A Gay Relations Acceptance Trend

A bit of news slipped by a couple of weeks ago that was pretty much ignored by the public. I happened to catch it in The New York Times and thought it would be huge. I was wrong.

But it is relevant to us here in Hawaii. We stand on the threshold of an opportunity to give gays and lesbians a civil unions option that has been denied to them in our Aloha State. That’s why I’m bringing this to your attention.

According to the latest Gallup poll, “Americans’ support for the moral acceptability of gay and lesbian relations crossed the symbolic 50 percent threshold in 2010. At the same time, the percentage calling these relations ‘morally wrong’ dropped to 43 percent, the lowest in Gallup’s decade-long trend.”

This is big.

Let me say it again: This is BIG. This says to me that many Americans are realizing that sexual orientation – gay, straight and everything in between – is a fact of life, a trait we are born with, like eye color, and not a scary moral deviation.

Another interesting tidbit from the Gallup poll, “the change is seen almost exclusively among men, and particularly men younger than 50.”

This doesn’t necessarily mean men are more evolved than women; it rather suggests to me that women have been more accepting and less judgmental about homosexuality in general. Understand that I’m just stating an opinion.

Gallup goes on to show “greater movement toward acceptance among independents and Democrats than among Republicans, and a big jump in acceptance among moderates. Liberals were already widely accepting of gay relations in 2006, and have remained that way, while conservatives’acceptance continues to run low.”

What this means is that I may in the future be seeing more e-mails like this one: “Thank you for writing such a powerful column this week regarding the potential legalization of same-sex civil unions. So many are against it for, like you mentioned, they fear it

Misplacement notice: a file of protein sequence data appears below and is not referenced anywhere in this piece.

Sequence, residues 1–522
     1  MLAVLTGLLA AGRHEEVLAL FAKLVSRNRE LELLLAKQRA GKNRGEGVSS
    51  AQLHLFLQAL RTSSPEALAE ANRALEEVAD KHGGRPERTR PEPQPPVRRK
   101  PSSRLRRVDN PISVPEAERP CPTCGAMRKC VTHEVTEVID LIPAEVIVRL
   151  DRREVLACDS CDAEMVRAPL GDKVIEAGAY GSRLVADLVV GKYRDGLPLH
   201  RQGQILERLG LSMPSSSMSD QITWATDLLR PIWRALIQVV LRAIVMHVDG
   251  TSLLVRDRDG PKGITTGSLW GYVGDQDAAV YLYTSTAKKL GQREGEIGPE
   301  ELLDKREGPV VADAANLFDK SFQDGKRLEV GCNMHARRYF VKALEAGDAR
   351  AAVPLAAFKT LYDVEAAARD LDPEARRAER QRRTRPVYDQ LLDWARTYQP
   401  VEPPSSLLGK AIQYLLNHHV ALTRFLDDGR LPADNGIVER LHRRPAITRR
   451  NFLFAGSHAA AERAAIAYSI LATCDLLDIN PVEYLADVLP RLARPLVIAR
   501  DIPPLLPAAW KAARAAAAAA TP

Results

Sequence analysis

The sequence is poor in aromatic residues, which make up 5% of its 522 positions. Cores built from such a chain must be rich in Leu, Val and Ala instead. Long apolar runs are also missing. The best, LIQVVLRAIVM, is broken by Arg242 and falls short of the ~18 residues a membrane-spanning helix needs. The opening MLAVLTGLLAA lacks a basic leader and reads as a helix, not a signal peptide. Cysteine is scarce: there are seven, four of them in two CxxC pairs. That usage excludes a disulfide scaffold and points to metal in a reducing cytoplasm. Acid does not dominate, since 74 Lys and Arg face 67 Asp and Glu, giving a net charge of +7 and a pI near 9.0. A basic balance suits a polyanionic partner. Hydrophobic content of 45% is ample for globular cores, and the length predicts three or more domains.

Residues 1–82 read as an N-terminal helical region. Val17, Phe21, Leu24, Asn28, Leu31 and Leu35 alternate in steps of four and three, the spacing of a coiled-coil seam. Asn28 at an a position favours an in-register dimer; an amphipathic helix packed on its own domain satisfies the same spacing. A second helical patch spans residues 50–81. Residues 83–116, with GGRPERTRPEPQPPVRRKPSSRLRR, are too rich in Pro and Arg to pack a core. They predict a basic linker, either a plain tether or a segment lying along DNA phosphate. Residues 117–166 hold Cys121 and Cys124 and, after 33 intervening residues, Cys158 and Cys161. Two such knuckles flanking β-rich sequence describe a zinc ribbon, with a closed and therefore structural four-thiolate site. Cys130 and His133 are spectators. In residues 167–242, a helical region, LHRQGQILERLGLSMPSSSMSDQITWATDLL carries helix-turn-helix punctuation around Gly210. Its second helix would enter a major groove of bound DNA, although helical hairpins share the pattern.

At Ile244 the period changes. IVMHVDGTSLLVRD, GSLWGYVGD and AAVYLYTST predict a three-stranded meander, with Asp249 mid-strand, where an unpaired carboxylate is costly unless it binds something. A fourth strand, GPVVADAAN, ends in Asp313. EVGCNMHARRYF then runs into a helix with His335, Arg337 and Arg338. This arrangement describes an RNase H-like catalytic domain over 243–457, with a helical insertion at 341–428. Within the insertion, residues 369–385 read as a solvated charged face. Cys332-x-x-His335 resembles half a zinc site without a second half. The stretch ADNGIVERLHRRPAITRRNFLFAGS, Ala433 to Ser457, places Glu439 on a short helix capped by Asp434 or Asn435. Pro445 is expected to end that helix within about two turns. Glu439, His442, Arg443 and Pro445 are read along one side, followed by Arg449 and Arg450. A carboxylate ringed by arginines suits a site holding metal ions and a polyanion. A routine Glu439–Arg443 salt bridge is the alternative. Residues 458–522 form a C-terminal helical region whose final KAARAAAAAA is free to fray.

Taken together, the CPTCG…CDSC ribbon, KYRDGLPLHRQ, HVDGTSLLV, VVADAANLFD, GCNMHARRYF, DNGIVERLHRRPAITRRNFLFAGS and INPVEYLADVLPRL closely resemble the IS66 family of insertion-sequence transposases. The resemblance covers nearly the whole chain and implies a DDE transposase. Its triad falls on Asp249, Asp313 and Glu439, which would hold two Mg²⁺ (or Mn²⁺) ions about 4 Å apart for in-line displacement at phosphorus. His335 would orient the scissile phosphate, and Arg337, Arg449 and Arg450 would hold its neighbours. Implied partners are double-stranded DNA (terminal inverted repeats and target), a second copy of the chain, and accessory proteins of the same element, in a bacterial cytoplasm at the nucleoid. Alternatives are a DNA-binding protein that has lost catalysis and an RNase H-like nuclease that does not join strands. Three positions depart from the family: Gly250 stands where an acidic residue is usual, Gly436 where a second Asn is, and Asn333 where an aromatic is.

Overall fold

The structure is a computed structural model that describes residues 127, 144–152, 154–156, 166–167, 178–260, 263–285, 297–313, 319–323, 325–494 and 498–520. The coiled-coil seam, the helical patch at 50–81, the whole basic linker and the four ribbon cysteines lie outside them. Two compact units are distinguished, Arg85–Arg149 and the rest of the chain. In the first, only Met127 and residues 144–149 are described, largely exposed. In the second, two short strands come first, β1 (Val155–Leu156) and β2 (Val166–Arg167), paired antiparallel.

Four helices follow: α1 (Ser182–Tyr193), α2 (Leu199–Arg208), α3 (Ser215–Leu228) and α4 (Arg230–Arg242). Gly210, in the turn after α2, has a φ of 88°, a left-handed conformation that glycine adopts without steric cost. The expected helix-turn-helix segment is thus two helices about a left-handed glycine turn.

will lead to legalized marriage … You helped make a difference for those who constantly feel substandard by the majority. That’s powerful stuff.”

And fewer like this: “I’m disappointed about your position on civil union. I thought you were a person of God. I’ve done as my Pastor said, I don’t discriminate against same sex people. Many are friends, but I know it is wrong. However, my fear is that my tolerance may be misunderstood as acceptance …” (Emphasis is mine)

Don’t fear, ma’am, I could never mistake your “tolerance” with acceptance, especially since you go on to equate gay sexuality with pedophilia, child abuse and bestiality. I wonder if the gay people you say are your friends know your true feelings about them.

I have said it in this column before: Attitudes are changing. It will be the young who will finally break the prejudice.

Happily, it appears I was right.

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